• the wharf seen from various angles (shore and water, ground level, and elevated perspective)
  • approaches (road or rail)
  • ancillary structures (sheds, waiting rooms, retail businesses)
  • adjacent terrain; adjacent residential and commercial structures
  • construction, maintenance, repairing or rebuilding of the wharf
  • documentation of the wharf’s condition

375-5-19 1505 Tahlequah [4]

In the background of this 1936 image of the Tahlequah ferry terminal, Vashon Island, the Asarco copper smelter smokestack in Ruston (once the world’s tallest at 571 feet) emits its notoriously toxic pollutants. The stack was demolished in 1993. (Series 375, Box 5, Folder 19)

Connecting series

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Stone’s Landing, circa 1906.(Series 400, image no. 95-005-1191-N.)

Archives staff also identified photographs of wharves found in other record series, and cross-referenced them to Series 375.

For example, several images of Wharf no. 239 at Stone’s Landing (now Redondo) were found in a large series of general engineering photographs. The images show a party of King County inspectors at the wharf, possibly following the fatal collapse of part of the structure in 1906. The unidentified girl appears in several photographs.

Sorting out wharf names and numbers

During their active lives, wharves were identified by a county wharf number and by a name, or names. New archival work in 2016-2017 centered on accurately associating wharf numbers with wharf name(s) and establishing a standard name for each wharf.

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King County’s Wharf 3 on southeast Lake Union (seen here in 1937) was also known as Prospect Street Wharf, Howard Avenue Wharf, Lake Union Ferry Wharf, and the King County Dock. (Series 375, Box 5, Folder 21)

An authority cross-reference file of variant wharf names was created. The standard names and numbers were added to existing descriptions of record material and to graphical material (maps, plans, and drawings) that were described for the first time.

Cross-referencing drawings and related materials

About 250 professionally-conserved, hard-copy maps and drawings of wharves had previously been transferred to the Archives by the King County Road Services Division, as part of that agency’s Map Vault preservation program. Archives personnel revised existing descriptions of the drawings so that they matched with related materials in Series 375.

Digital images of these maps and drawings are currently available through the King County Road Services Map Vault.

Wharf and Dock History Records: A Resource for Many Researchers

Series 375 is an excellent source of evocative and nostalgic photographs of Puget Sound and Lakes Washington and Union. But these records can also be used in different ways for different types of research. Some examples follow.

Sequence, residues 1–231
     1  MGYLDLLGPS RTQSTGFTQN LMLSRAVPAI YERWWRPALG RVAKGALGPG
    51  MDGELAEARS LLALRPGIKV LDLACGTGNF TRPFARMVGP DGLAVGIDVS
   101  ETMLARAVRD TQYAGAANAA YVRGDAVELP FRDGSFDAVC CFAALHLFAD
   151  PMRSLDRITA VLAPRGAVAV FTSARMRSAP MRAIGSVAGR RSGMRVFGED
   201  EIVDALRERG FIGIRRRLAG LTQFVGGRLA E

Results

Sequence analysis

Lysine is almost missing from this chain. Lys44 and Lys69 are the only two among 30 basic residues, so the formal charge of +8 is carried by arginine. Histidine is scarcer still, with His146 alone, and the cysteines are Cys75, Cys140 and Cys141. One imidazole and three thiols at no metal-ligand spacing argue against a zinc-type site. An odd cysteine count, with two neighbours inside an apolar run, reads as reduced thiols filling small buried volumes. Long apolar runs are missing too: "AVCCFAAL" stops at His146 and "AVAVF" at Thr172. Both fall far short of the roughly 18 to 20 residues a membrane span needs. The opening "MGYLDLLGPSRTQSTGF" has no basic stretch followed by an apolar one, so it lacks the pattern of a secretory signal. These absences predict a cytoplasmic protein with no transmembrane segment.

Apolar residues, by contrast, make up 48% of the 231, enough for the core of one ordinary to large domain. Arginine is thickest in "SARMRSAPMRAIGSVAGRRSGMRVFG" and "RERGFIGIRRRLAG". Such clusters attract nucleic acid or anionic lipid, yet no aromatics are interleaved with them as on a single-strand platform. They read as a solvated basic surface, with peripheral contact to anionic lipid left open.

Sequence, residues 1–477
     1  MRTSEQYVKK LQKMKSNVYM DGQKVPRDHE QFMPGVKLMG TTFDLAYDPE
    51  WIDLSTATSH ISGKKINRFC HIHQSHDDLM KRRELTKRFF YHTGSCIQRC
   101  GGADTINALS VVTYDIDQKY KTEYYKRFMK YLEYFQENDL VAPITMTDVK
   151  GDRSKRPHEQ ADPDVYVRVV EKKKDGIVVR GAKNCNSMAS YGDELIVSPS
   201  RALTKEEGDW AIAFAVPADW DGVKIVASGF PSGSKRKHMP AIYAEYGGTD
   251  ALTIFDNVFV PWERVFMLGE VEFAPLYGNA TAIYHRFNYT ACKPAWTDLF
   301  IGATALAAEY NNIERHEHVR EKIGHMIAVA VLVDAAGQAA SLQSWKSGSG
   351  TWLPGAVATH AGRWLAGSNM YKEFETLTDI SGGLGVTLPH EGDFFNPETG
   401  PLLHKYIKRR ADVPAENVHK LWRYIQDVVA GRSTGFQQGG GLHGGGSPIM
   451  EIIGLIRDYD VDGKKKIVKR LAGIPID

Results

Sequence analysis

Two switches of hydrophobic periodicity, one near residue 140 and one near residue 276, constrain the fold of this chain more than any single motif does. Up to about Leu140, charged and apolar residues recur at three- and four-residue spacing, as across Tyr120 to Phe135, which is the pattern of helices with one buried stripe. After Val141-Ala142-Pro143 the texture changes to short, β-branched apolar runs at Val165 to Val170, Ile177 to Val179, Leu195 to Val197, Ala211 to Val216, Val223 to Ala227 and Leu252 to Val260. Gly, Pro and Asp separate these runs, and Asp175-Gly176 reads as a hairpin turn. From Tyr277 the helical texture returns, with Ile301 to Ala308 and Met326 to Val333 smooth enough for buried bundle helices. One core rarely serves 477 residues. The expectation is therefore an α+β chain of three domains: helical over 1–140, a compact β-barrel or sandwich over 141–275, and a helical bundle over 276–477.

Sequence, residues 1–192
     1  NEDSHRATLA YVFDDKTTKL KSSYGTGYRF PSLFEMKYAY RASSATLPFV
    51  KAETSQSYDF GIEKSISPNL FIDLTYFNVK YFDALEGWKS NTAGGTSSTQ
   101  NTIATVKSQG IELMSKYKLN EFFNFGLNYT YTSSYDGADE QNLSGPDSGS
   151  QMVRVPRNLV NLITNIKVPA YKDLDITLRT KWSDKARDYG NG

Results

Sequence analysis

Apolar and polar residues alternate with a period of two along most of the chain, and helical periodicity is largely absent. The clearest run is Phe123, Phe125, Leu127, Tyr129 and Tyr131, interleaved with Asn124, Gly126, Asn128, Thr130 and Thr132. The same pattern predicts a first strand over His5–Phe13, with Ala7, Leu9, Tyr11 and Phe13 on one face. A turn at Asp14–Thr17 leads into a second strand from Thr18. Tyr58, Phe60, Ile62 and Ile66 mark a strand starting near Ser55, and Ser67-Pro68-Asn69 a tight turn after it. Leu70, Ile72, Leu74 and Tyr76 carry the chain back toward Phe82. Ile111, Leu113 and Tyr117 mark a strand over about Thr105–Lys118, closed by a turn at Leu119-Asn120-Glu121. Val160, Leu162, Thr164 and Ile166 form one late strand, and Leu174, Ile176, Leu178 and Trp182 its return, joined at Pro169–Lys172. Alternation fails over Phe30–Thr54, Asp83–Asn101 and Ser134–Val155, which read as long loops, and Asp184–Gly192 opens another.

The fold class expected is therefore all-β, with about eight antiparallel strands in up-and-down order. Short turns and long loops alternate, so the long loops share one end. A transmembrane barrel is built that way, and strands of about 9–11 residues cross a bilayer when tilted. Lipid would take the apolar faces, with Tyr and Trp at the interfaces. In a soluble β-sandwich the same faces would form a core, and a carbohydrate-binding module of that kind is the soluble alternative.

375-5-25 116 Ellisport-Chautauqua [2]

The small steamer Daring approaches Wharf 116 at Ellisport-Chautauqua, Vashon Island, c. 1912. (Series 375, Box 5, Folder 25)

Marine historians can gain insights into water transportation in twentieth-century King County. The steamer Daring, pictured here, has been further documented in Mosquito Fleet of South Puget Sound (Jean Cammon Findlay and Robin Paterson, 2008).


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One of King County’s first parks (1938) was developed on Meydenbauer Bay at the site of a former ferry landing. Built with federal Works Progress Administration (WPA) funds, the park later fell into disrepair and was abandoned. It is now being redeveloped by the City of Bellevue. (Series 400, Item 95-005-2981)

Students of recreation and leisure activities can trace the development of county and municipal parks at former wharf sites.



DesMoinesWharf-medres

King County’s first ferry service to Vashon Island connected Des Moines and Portage. This drawing (c.1920) of the Des Moines ferry landing shows the location of deck and fender pilings (Series 375, Box 7, Folder 12)

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An older blueprint of Redondo Wharf 256 was used to indicate pilings for replacement in 1916 (Series 375, Box 7, Folder 14)

Marine biologists, scuba divers and social anthropologists may find interest in diagrams of old pilings at former wharf sites.


375-5-11 768 Lisabuela

The village of Lisabuela, on the west side of Vashon Island, was the site of a popular resort from the 1920s to the 1950s. The steamer Virginia V (still sailing) and her four predecessors served the Lisabuela dock. (Series 375, Box 5, folder 1)

Vashon Islanders can learn more of island history, through records of public wharves, resort and camp wharves, and ferry terminals at Tahlequah and Vashon Heights (north Vashon Island).

Two recent Vashon community history projects have documented Camp Sealth, a Campfire Girls site with its own wharf; and Ellisport/Chatauqua. The latter project used records of Wharf 116 to help document Ellisport’s history.


Textual records associated with Newport Wharf no. 754 on Lake Washington describe the wharf’s use by logging companies as a dump site for logs being floated to sawmills. The second East Channel bridge to Mercer Island can be seen in the background of this 1932 image. (Series 375, Box 5, folder 10)

375-5-22 4 Stone Way

This 1937 view of Wharf no. 4 on North Lake Union at the foot of Stone Way also shows several adjacent businesses in Seattle’s Fremont neighborhood. (Series 375, Box 5, Folder 22.)

Researchers of King County’s industrial and commercial history may find useful information in these records.

A New Era of Water Transportation?

King County, having re-established passenger ferry service to West Seattle and Vashon Island, has considered future expansion of water transportation to Seattle from Kenmore, Kirkland, Renton, Shilshole, and South Puget Sound (2007 King County Passenger-Only Ferry Project Briefing Paper). What once was, may be again. And documentation of new county ferries and facilities will create new records for future researchers.